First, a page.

2:30p: Classic Sci-Fi Remakes: Westworld, Lost in Space, Planet of Apes (1 hour)
American Science Fiction Classics
Marriott Marquis, Marquis Level, M103-M105

Remakes of classic sci-fi can be incredible, terrible, or terribly incredible — discuss which is which when we look at recent remakes such as Westworld, Lost in Space, and more!
Panelists include: Bethany Kesler, Mark H Wandrey, Andrew E.C. Gaska, Shaun Rosado

4:00p: Admiral Holdo – A Fan Discussion (1 hour)
Star Wars
Marriott Marquis, Atrium Level, A706
Has there ever been such a polarizing character in the Saga? From her background story in Leia, Princess of Alderaan, to her battle prowess in The Last Jedi, we discuss the character and her decisions and how they may have forever altered the galaxy.
Panelists include: Sue Kisenwether, Bethany Blanton, Thomas Harper, Sarah Dempster

8:30p: The Greatest Michaels and Michelles in Classic Sci-Fi (1 hour)
American Science Fiction Classics
Marriott Marquis, Marquis Level, M103-M105
A panel consisting exclusively of people named Michael presents a tribute to Michaels and Michelles real and unreal from classic sci-fi TV and movies. All Michaels and Michelles welcome!
Panelists include:  Mike Faber, Michael R Bailey, Michael Gordon, Michael D. French, any other American Science Fiction Classics Track Irregular named Michael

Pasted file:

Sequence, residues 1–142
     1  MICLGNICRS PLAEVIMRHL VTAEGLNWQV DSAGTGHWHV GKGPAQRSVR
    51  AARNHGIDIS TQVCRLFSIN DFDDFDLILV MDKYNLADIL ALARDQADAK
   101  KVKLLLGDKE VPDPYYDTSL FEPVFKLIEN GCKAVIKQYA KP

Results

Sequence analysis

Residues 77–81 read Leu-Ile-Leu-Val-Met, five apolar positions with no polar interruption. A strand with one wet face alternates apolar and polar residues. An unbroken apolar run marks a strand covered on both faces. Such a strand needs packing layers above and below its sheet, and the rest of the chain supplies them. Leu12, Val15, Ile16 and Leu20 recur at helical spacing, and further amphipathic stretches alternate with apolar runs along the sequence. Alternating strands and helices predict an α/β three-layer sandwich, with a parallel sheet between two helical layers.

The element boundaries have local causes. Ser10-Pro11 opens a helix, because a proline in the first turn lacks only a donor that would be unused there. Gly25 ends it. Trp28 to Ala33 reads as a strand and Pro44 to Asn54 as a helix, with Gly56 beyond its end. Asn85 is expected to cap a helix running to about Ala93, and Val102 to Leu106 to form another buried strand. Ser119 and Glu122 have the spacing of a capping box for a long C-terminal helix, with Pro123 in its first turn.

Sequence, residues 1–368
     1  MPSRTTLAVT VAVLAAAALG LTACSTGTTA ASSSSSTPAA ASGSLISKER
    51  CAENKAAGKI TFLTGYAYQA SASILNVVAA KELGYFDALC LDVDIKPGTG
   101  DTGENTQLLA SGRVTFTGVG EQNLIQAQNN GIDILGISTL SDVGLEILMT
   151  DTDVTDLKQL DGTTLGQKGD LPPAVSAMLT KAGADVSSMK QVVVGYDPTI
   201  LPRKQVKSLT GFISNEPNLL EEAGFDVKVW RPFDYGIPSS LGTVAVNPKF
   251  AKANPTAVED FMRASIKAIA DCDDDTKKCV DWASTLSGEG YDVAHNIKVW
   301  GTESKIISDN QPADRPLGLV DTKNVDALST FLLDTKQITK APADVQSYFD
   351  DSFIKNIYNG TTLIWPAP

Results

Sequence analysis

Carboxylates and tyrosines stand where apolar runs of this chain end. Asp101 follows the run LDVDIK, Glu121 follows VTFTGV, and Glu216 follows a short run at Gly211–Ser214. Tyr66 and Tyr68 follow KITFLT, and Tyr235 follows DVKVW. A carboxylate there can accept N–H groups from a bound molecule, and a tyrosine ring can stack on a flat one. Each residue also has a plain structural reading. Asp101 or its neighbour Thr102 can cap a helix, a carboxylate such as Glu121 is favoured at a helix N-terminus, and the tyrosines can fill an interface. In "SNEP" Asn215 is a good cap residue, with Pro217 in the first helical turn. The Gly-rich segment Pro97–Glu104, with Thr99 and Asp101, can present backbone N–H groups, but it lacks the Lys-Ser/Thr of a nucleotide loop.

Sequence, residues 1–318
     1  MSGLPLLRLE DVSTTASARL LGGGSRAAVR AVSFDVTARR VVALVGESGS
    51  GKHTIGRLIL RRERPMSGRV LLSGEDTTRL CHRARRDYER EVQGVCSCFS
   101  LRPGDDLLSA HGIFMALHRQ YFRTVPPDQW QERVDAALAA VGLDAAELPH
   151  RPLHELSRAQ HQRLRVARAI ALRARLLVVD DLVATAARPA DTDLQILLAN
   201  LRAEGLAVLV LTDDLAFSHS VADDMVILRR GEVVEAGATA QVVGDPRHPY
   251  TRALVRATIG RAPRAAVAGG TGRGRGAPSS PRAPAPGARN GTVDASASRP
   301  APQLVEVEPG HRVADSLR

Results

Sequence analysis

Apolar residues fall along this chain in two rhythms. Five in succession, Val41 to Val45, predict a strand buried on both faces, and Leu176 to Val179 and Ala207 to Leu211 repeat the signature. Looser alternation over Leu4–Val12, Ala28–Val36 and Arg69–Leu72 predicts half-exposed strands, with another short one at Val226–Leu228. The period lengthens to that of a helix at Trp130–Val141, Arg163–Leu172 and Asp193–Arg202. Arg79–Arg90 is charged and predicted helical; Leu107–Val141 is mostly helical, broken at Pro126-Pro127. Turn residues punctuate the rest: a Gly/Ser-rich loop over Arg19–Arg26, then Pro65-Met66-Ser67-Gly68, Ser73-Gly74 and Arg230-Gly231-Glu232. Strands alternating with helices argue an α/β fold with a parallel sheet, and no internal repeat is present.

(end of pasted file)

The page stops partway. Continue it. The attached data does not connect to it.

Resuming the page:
11:30a: Who Framed Roger Rabbit: 30 Years of Speech Impediments and Burning Biscuits (1 hour)
American Science Fiction Classics
Marriott Marquis, Marquis Level, M103-M105
Guys. In this movie, Daffy Duck and Donald Duck had a piano battle. Other stuff happened too, but come on.
Panelists include: John Hudgens, Jonathan Williams

2:30p: Lost in Space: Welcome Aboard the Jupiter 2.0 (1 hour)
American Science Fiction and Fantasy Media
Marriott Marquis, Marquis Level, M301-M303
Netflix brought us a big budget upgrade to a beloved classic, with some new twists and some gender bending, and a touch of stunt casting. It set us up for a new series that will continue to be Lost on Netflix for some years to come.
Panelists include: Clay and Susan Griffith, David Boop, Will Nix, Lindy Keelan

4:00p: Classic Sci-Fi Roll-a-Panel: 1978 and 1998 (1 hour)